Greensboro did not have a good year in Raleigh, which means Greensboro’s paid lobbyist McGuireWoods Consulting didn’t have a lot of success to report to the City Council at the work session on Tuesday, Nov. 21.

Greensboro had a legislative agenda of 11 items; of those Greensboro got two or three. City Councilmember Justin Outling at the work session narrowed it down to two.

One of the items that Greensboro requested was a change to the land use laws that would allow a city to adopt a good repair ordinance for the Central Business District. The legislature passed this but it was after Greensboro had already given up on getting the bill through the legislature and passed the good repair ordinance citywide.

The bill that passed was statewide legislation that was first introduced in 2017.

Then there is the question of having the $500,000 in transportation funding restored to Greensboro and other cities that lost the funding in 2017. Mayor Nancy Vaughan informed the McGuireWoods consultants that this funding had been restored. Since McGuireWoods didn’t list it as a win in its 27 page report and didn’t mention it as a win, it certainly appeared they were not aware this funding had been restored.  Vaughan said the NC Metropolitan Mayors Coalition had made getting that funding restored a priority.

Then was the question of healthcare benefits for life for former city councilmembers. According to Vaughan, the representative introducing this legislation understood that the City Council wanted to be included in the state healthcare plan, which would be an additional expense to the state. But all the City Council wanted was the authority to offer healthcare for life to former city councilmembers in Greensboro’s healthcare plan, where the city would pick up the additional cost and which wouldn’t cost the state a dime.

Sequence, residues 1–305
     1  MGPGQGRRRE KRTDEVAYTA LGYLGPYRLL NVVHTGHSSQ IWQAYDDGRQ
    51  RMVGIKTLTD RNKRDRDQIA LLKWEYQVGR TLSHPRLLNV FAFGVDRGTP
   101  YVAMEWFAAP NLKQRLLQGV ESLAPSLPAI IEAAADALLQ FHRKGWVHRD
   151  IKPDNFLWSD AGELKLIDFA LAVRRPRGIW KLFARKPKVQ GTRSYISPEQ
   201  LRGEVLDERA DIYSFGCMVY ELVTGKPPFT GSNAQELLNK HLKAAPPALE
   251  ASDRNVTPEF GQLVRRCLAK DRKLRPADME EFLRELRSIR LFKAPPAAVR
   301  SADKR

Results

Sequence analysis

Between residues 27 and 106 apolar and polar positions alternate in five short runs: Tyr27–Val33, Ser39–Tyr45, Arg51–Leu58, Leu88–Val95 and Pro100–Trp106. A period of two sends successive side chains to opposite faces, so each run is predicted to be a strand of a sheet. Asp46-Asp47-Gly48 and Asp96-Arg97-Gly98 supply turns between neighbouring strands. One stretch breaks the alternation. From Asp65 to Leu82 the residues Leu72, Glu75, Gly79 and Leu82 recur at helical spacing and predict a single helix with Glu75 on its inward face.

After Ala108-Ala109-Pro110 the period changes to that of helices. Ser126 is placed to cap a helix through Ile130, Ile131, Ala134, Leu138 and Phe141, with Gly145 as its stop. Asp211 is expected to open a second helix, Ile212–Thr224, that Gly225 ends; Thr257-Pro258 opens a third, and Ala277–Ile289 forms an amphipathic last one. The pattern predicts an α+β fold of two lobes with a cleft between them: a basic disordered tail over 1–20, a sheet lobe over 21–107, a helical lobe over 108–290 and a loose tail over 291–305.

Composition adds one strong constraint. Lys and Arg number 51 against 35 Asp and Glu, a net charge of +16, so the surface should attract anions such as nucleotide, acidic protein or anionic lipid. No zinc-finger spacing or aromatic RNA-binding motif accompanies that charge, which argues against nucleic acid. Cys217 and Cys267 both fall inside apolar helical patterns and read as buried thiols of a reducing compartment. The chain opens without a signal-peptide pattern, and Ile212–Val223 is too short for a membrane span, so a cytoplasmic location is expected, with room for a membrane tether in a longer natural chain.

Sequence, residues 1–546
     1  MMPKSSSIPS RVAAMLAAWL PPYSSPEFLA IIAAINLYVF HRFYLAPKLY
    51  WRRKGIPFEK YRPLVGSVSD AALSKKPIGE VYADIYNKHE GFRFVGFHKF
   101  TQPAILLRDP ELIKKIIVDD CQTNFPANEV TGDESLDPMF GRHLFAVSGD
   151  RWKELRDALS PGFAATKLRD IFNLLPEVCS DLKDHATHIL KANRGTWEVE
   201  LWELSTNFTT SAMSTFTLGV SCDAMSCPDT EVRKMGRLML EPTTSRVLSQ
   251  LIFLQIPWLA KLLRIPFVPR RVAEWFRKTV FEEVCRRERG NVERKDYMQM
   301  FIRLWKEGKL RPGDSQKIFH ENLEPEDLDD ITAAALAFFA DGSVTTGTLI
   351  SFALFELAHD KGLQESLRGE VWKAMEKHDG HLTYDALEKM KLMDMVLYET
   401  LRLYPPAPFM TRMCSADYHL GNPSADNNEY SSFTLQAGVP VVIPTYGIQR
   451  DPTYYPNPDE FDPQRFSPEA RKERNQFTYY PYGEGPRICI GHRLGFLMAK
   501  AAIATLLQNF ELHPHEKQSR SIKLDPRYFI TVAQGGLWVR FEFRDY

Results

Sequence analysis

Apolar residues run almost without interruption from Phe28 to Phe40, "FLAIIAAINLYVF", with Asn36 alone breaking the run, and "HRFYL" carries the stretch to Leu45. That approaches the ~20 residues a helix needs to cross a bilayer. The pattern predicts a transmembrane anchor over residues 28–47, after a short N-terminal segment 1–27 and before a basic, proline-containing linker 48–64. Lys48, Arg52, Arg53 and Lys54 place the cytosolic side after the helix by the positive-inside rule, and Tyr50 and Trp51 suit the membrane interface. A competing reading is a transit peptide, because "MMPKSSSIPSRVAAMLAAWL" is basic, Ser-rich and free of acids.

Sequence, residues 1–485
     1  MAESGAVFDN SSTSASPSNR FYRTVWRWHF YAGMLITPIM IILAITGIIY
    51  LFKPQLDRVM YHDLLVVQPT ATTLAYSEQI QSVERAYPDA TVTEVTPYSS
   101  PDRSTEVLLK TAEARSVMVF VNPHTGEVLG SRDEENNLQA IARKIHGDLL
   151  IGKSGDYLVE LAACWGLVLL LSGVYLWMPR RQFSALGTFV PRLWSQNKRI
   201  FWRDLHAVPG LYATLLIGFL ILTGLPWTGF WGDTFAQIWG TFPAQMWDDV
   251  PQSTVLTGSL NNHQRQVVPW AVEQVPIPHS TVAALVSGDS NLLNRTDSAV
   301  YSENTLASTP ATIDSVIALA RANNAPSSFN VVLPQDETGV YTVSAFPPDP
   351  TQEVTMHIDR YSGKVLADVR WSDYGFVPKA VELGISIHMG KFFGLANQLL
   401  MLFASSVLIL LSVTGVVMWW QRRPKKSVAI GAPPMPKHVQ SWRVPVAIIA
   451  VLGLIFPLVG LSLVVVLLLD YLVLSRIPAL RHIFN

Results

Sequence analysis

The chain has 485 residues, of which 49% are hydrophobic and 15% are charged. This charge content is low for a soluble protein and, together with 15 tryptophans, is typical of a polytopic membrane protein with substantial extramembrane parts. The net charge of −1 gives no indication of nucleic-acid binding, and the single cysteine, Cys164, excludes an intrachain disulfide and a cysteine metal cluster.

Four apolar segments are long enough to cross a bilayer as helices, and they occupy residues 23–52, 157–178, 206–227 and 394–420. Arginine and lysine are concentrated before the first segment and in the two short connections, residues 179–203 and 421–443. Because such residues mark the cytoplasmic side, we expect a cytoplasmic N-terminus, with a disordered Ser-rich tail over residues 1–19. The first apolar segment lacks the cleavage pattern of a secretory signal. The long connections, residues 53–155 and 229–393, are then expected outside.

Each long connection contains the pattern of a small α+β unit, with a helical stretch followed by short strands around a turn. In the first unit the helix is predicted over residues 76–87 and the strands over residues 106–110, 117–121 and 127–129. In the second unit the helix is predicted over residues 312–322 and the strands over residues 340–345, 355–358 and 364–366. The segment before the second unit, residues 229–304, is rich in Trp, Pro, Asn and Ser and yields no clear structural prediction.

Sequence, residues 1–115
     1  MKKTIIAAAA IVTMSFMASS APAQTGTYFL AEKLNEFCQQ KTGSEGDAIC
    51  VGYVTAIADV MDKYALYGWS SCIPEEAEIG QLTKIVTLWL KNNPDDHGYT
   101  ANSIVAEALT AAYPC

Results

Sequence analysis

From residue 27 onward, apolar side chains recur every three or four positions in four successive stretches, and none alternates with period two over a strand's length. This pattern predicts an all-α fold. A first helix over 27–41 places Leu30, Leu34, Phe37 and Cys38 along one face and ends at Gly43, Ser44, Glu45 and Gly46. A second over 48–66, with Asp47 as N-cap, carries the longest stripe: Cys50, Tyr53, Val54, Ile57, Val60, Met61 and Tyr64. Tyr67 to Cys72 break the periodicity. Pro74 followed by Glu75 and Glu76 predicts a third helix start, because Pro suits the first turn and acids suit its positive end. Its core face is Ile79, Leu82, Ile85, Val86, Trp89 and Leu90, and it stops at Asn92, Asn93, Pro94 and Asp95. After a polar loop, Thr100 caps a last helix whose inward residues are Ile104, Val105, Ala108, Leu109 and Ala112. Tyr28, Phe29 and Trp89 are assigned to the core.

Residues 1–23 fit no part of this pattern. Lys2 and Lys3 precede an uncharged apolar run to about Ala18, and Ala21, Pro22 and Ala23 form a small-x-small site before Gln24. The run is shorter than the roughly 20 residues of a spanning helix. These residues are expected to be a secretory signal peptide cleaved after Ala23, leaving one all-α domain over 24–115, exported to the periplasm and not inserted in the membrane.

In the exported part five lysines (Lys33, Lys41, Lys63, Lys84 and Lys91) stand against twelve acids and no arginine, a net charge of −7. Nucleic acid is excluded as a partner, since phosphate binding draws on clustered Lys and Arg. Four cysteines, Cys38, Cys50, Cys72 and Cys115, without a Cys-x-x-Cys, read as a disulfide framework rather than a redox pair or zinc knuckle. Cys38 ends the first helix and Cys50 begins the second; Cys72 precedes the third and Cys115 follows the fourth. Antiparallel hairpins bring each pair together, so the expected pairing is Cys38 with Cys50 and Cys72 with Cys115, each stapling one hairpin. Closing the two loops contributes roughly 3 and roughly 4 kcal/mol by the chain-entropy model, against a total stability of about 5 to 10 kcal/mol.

Vaughan said that when she found out the wrong bill had been introduced, it was too late to have the correct bill introduced.

Vaughan said that since it had been straightened out, she hoped a local bill could be introduced in the short session.

Jonny Tillett of McGuireWoods said his team was working hard on revising the police body-worn camera legislation, but no bill was passed; likewise with a bill requesting funding for a fiber optic network along the I-40/85 corridor. A bill to allow Greensboro to set up a program to give preferential treatment to local small businesses when awarding contracts was also introduced but not passed. No bill to give firefighters disability for repeated exposure to hazardous chemicals was introduced but Tillett said they were working on it.

A bill to have the NC Department of Motor Vehicles assist Greensboro in collecting parking fines was also introduced but not passed.

On the plus side, Greensboro did receive additional funding for the fire department search and rescue operation but it was in the budget which Gov. Roy Cooper vetoed and the veto has not been overridden.

Greensboro did get the $1 million to repair damage caused by the tornado in April 2018. This was in the budget and then passed in a minibudget bill signed into law in September.

Funds for Guilford County for the new mental health facility was also on Greensboro legislative agenda and is included in the budget that has not passed.